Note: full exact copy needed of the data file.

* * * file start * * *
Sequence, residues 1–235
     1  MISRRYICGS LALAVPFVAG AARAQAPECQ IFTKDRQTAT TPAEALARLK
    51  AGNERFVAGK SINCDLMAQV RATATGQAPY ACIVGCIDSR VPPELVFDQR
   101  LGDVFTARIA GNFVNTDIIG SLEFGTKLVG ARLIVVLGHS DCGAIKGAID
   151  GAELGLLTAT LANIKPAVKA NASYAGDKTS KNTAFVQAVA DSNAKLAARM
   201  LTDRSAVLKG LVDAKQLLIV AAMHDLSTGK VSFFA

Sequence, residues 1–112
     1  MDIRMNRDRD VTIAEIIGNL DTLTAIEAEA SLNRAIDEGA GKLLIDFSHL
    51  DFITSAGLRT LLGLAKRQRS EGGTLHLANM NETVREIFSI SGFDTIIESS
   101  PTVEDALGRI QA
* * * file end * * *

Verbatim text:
Sequence, residues 1–235
     1  MISRRYICGS LALAVPFVAG AARAQAPECQ IFTKDRQTAT TPAEALARLK
    51  AGNERFVAGK SINCDLMAQV RATATGQAPY ACIVGCIDSR VPPELVFDQR
   101  LGDVFTARIA GNFVNTDIIG SLEFGTKLVG ARLIVVLGHS DCGAIKGAID
   151  GAELGLLTAT LANIKPAVKA NASYAGDKTS KNTAFVQAVA DSNAKLAARM
   201  LTDRSAVLKG LVDAKQLLIV AAMHDLSTGK VSFFA

Sequence, residues 1–112
     1  MDIRMNRDRD VTIAEIIGNL DTLTAIEAEA SLNRAIDEGA GKLLIDFSHL
    51  DFITSAGLRT LLGLAKRQRS EGGTLHLANM NETVREIFSI SGFDTIIESS
   101  PTVEDALGRI QA